"You need to know when to act, and when to stay put," says Julio Velarde, Peru's central bank president. "As soon as a problem arises, many people think you need to respond immediately, when many times the panorama is not even very dear." It's just one of the many lessons Velarde--considered one of Peru's best economic helmsmen--has learned during more than twenty years in and out of government posts, many spent managing his country's monetary policies.
Indeed, Velarde's ability to know when, and more importantly, how to act during some of Peru's most economically and politically challenging rimes are among the qualities that have earned him the admiration of local and foreign business leaders, not to mention rating agencies and investors.
Although Velar&, 60, has held posts in the private and public sector--he has served on the Central Bank's board of directors twice and was once chairman of the Latin American Reserve Fund--business leaders say there's one trait that has remained constant: his unfaltering commitment to maintaining macroeconomic stability and moderate economic policies.
Velarde's reputation in the business community is such that the day he was reappointed Central Bank president by the recently-elected President Ollanta Humala last year, Lima's stock market rose nearly 5 percent (as the world's main stock markets dropped) and Peru's country risk indicator dropped from 185 to 176 basis points.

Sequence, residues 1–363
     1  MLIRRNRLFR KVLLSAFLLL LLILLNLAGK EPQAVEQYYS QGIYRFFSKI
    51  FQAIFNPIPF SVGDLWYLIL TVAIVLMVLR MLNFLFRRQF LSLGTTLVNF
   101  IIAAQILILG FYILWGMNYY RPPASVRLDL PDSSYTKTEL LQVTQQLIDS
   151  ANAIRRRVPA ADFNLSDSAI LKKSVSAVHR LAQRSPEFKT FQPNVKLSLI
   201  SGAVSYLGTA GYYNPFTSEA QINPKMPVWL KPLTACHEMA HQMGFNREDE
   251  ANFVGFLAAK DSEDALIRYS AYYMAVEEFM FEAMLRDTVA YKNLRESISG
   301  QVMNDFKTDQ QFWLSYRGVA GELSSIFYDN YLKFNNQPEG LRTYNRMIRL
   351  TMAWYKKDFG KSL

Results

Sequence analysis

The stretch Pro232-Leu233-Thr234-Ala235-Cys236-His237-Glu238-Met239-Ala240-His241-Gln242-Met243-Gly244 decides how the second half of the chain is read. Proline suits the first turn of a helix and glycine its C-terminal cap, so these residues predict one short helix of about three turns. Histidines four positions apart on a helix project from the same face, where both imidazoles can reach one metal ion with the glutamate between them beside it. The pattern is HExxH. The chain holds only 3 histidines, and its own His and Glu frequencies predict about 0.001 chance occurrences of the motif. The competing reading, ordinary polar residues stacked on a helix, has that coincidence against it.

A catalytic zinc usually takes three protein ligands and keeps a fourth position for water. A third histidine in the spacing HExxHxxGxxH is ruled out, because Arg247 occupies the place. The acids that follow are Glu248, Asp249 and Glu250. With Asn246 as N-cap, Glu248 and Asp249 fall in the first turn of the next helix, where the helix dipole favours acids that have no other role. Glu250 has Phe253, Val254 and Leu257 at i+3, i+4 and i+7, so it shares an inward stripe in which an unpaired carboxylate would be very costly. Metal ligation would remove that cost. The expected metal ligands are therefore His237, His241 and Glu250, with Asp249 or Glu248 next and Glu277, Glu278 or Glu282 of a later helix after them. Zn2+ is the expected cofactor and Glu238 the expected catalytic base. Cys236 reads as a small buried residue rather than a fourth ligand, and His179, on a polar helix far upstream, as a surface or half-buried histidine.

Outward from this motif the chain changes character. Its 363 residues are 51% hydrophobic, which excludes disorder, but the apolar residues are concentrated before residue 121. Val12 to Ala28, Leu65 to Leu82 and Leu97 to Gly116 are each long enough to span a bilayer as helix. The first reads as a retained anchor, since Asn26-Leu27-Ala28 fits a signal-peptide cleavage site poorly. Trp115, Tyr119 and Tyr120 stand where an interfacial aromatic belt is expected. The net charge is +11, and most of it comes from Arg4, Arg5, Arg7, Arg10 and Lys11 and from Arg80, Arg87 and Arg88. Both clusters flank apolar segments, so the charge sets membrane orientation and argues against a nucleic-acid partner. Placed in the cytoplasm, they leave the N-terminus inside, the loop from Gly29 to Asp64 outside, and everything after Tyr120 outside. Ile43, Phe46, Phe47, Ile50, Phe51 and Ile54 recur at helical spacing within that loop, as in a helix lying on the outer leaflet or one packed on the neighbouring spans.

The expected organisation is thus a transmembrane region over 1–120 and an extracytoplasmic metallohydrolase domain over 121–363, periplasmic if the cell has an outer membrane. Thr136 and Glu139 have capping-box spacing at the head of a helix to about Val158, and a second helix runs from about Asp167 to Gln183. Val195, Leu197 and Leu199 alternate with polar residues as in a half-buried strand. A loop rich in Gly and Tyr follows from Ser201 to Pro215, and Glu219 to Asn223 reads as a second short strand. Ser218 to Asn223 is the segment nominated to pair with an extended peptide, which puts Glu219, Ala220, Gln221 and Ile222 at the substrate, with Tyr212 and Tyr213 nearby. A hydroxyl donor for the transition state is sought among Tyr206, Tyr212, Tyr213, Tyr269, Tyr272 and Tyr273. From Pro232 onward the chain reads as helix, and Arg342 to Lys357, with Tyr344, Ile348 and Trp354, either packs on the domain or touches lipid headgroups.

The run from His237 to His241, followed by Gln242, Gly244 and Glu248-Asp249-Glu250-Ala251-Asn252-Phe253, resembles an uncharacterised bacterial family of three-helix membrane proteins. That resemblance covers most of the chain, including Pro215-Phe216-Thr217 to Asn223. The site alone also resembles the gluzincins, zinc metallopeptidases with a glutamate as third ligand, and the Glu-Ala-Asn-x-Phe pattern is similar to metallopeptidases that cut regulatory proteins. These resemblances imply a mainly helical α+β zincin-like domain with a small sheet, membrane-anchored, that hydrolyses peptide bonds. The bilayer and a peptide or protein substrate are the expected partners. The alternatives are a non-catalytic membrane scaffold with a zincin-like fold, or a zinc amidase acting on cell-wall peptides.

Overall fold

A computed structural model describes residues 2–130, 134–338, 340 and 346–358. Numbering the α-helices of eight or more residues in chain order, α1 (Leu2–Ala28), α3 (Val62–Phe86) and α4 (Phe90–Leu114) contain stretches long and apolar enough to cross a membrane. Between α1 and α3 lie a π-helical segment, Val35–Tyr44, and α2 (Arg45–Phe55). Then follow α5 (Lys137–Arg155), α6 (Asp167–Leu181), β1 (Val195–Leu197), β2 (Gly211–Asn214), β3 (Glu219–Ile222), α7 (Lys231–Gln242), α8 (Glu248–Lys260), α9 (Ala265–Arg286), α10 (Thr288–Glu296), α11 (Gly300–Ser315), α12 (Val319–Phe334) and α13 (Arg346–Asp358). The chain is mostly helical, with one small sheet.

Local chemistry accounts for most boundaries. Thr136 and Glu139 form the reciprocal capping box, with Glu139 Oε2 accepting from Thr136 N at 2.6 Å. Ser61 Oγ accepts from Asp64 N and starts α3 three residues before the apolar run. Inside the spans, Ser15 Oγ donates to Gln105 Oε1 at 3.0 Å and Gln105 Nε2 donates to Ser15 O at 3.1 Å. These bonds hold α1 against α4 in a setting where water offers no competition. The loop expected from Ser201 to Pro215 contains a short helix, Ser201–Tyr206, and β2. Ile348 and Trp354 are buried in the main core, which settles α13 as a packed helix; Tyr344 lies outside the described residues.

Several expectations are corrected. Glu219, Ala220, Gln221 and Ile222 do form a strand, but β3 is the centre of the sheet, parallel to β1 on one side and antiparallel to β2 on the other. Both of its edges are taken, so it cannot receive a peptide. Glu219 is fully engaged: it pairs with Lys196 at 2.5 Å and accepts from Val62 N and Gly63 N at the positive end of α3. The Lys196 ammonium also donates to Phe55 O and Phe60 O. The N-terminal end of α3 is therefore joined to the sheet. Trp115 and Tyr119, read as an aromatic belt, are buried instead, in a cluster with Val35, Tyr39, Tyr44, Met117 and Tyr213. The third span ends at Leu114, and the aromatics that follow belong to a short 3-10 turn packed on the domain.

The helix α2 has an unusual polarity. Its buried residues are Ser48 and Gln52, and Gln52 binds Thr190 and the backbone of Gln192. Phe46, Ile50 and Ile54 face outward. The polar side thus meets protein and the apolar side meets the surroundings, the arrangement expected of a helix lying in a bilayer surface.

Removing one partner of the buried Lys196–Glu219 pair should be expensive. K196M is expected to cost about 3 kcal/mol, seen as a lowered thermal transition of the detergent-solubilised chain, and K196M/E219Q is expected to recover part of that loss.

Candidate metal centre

Business leaders concur that Velarde's reappointment to head the Central Bank by Humala (Velar& was first named to the post in September 2006 by President Alan Garcia) helped ease tensions among investors who were worried about the likelihood of a radical change in the country's economic policies, which were helping to fuel spectacular growth.
As Velarde himself notes: "The growth (rate) we have reached over the past decade is an achievement that I believe no president wanted to put at risk."
Peru's presidential elections last year took place six months after the country had posted GDP growth of almost 9 percent for 2010. In 2011, the country's GDP rose almost 7 percent, and this year it is expected to grow 5.5 percent, which would mark a slight slowdown but is still high when compared to other economies around the world.
Velarde's management of Perus economy during the global financial crisis of 2008 and during the turbulent term of President Alberto Fujimori in the early 1990s, helped catapult him into the...